Over the period 1985 through 1994, observations are conducted on forty-eight patients, 35 men and 13 women, with age ranging from 11 to 56 years, presenting anaerobic non-spore-forming infection of the soft tissues (necrotizing fasciitis (3), postinjection nonclostridial myositis (7), crepitant cellulitis in diabetic gangrene (21), neck phlegmon (5), perineal phlegmon (9), and progressive bacterial synergistic gangrene against the background of chronic osteomyelitis (3). Infection development is characterized by local necrotic processes, intoxication, crepitations, fetor, fever, and in part of the patients–septic shock and DIC syndrome. The microbiological study shows presence of anaerobes, as mono- and polyinfection, aerobic-anaerobic associations, and gram-negative aerobes–in one patient alone. Invariably, the general condition is rather serious. Lethality amounting to 12.5 percent is ascribed to the late detection and unspecified and inadequate treatment protocol in the initial period of observation. The treatment is complex: incisions with successive many-staged necrectomies, antibiotics, metronidazole, hyperbaric oxygenation and hemadsorption. If several (2-3) of the aforementioned symptoms are present, evidence of anaerobic flora should be mandatory and purposefully seeked.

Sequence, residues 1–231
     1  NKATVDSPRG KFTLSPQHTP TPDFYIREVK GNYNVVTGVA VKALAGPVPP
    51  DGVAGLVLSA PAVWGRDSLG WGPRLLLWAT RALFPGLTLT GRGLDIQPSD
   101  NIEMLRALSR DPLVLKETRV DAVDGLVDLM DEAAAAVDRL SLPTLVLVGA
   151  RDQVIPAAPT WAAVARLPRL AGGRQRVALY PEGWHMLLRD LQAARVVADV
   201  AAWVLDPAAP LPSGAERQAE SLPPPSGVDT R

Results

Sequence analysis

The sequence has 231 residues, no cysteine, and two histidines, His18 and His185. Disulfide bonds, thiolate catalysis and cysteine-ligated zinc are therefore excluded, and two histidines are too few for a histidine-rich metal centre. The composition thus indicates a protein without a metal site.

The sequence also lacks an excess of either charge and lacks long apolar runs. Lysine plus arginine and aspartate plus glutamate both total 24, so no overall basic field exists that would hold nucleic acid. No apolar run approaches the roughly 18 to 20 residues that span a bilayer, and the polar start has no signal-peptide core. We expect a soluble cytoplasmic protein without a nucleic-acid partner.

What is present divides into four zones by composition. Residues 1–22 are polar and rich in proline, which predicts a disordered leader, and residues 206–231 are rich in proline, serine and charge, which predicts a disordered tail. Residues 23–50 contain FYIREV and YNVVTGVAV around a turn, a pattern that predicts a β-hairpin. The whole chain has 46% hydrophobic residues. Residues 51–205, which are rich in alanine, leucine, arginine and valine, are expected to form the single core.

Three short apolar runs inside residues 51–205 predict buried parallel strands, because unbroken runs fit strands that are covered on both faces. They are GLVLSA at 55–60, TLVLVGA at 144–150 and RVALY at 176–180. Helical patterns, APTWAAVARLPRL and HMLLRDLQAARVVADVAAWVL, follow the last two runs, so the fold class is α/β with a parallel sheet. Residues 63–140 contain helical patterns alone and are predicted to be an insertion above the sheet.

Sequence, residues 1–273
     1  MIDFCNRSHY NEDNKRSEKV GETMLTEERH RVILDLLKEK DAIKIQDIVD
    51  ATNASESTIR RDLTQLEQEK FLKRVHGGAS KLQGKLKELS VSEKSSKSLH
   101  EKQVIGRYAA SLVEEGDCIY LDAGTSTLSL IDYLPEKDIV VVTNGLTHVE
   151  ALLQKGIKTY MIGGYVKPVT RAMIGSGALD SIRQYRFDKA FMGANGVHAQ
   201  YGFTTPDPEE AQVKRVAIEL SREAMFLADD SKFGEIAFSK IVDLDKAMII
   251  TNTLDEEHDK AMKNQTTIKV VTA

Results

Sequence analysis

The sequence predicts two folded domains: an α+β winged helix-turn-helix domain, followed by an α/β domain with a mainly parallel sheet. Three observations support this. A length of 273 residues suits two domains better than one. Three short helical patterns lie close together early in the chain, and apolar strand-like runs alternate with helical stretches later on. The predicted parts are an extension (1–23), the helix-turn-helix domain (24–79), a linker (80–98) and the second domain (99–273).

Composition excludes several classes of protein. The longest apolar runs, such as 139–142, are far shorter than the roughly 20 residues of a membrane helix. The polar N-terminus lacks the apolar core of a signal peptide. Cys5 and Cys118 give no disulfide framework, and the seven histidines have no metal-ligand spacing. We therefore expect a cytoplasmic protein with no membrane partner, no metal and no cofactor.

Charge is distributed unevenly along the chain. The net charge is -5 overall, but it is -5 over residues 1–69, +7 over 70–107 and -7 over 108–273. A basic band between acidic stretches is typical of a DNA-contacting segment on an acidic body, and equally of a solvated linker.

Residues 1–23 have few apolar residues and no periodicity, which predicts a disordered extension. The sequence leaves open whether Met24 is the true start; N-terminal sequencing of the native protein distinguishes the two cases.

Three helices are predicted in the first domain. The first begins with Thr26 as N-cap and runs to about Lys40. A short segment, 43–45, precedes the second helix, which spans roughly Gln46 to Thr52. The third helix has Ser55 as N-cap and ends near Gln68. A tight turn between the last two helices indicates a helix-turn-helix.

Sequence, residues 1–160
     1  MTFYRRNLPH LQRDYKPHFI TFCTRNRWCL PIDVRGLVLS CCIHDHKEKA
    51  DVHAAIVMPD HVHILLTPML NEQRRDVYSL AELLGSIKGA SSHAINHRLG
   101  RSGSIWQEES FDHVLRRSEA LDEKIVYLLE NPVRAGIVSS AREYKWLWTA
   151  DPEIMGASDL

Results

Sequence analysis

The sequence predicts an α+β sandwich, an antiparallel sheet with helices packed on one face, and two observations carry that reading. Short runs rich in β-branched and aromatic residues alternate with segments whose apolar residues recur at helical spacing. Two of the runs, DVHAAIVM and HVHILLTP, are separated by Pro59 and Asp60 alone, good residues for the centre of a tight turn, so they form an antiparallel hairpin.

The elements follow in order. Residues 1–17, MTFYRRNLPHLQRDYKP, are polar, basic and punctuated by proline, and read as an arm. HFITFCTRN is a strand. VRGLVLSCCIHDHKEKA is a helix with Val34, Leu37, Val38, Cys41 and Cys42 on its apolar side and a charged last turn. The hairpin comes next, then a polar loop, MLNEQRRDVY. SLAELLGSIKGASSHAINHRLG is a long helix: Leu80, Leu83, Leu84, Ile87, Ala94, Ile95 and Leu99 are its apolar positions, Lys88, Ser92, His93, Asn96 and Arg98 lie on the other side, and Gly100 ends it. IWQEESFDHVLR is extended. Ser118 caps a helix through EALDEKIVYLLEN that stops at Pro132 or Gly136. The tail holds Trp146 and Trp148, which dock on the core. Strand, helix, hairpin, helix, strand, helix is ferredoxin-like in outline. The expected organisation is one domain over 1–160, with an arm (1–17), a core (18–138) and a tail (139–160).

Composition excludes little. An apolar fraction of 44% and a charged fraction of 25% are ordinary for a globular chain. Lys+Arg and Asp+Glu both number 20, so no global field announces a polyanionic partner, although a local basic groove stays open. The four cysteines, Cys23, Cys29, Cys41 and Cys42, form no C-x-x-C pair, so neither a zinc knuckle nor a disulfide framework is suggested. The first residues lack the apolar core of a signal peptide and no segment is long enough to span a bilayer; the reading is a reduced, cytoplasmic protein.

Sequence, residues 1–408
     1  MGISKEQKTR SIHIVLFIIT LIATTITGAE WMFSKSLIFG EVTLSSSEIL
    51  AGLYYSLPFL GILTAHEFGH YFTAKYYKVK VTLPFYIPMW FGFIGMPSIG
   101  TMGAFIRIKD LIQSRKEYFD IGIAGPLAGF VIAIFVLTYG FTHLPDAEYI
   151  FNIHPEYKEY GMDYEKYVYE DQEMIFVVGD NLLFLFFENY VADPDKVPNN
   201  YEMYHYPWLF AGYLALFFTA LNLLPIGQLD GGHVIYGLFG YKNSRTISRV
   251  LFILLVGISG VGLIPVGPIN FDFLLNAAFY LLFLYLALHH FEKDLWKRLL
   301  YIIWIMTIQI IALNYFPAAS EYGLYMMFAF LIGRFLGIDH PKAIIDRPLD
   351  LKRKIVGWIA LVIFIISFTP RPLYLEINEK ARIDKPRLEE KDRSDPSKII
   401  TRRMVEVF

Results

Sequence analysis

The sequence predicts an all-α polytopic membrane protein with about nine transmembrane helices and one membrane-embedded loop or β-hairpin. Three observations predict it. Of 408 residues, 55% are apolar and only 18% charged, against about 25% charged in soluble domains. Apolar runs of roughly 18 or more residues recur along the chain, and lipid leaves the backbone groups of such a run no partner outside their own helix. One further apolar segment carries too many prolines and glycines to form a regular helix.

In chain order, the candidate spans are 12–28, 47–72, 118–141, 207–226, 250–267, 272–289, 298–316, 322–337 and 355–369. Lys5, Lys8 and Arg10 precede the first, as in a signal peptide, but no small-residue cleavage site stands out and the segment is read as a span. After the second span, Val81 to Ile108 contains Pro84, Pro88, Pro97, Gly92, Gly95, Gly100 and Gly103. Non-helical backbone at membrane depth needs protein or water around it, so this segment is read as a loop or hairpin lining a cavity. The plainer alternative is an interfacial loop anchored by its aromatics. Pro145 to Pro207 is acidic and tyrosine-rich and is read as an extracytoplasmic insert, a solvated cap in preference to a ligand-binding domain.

Kostov, Atanasov, Stoianov, Kalinova, , , , , (1995). [Anaerobic nonclostridial soft-tissue infection]. Khirurgiia, 1995 ;48(5):11-4. https://www.ncbi.nlm.nih.gov/pubmed/8648957